Hespeler, 17 November, 2019 © Scott McAndless
Isaiah 65:17-25, Isaiah 12, 2 Thessalonians 3:6-13, Luke 21:5-19
In 1974, news and magazine stories began to appear about a woman named Linda Taylor in the United States. She was, apparently, quite a phenomenon. She didn’t work and collected welfare. In fact, it seemed, she collected a lot of welfare. If fact, she was eventually convicted of illegally obtaining 23 welfare checks using two aliases and was sentenced to prison. It was in these articles that a special name was coined for her and people like her, a welfare queen.
A few years later, in his campaign to become president of the United States, Ronald Reagan took that term, welfare queen, and kind of ran with it. At his campaign rallies and speeches, the welfare queen became a regular feature. Linda Taylor was not just one person, in fact, he never mentioned her by name. She was but one example of many. Welfare queens were apparently everywhere, they were bleeding America dry and they were at the heart of everything that was wrong with America. Reagan never actually offered any proof or statistics about any of this, he just confidently proclaimed it and you had to believe it; he was so sincere. People certainly did believe him.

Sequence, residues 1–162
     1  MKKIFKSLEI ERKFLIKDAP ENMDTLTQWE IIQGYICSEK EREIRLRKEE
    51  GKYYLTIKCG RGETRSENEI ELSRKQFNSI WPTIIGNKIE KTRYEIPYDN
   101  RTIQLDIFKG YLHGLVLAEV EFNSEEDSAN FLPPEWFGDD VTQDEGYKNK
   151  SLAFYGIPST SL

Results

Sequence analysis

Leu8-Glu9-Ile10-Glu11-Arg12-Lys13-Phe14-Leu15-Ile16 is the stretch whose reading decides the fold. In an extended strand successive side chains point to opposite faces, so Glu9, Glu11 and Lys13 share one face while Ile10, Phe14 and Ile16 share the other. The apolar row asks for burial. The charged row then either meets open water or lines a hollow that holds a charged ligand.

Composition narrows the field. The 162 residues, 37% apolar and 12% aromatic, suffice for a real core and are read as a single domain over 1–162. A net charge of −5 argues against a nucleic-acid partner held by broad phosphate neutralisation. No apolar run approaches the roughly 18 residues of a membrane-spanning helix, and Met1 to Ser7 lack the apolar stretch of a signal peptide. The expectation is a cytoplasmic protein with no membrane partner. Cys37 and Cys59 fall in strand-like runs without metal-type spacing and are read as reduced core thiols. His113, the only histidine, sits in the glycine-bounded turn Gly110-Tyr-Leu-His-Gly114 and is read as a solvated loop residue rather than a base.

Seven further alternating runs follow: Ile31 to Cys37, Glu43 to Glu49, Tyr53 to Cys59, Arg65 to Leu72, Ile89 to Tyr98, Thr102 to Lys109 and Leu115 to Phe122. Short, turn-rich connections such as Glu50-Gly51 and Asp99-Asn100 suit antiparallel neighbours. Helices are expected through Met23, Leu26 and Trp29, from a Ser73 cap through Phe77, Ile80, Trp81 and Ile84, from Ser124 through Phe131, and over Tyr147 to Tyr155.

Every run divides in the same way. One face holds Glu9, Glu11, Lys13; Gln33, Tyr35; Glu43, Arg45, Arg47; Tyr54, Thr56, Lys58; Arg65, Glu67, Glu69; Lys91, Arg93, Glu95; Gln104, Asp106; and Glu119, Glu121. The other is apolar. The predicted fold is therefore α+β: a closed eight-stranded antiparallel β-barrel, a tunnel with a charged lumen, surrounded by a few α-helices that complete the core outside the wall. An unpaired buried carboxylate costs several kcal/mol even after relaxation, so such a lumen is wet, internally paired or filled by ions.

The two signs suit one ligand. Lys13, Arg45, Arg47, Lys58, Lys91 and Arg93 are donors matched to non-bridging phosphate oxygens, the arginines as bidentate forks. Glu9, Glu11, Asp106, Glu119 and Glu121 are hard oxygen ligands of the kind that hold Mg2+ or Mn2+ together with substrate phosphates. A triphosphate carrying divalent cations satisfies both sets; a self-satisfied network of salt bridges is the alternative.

And thus, after coming to office, Reagan had a mandate to carry out welfare reform – something that quickly caught on and spread to many other places including Canada. The idea behind it was that welfare was not only a drain on public funds, it also actually harmed the poor people that it was supposed to help. It encouraged them to be lazy, to give up control over their own lives and led them into the fraud and crime represented by the welfare queen. The solution, therefore, was to stop giving welfare to people, at least not without requirements – especially the requirement that they had to work. This was not presented as something mean-hearted or cruel, but actually a kind of tough love, a way of doing what was best for people even though they might not like it.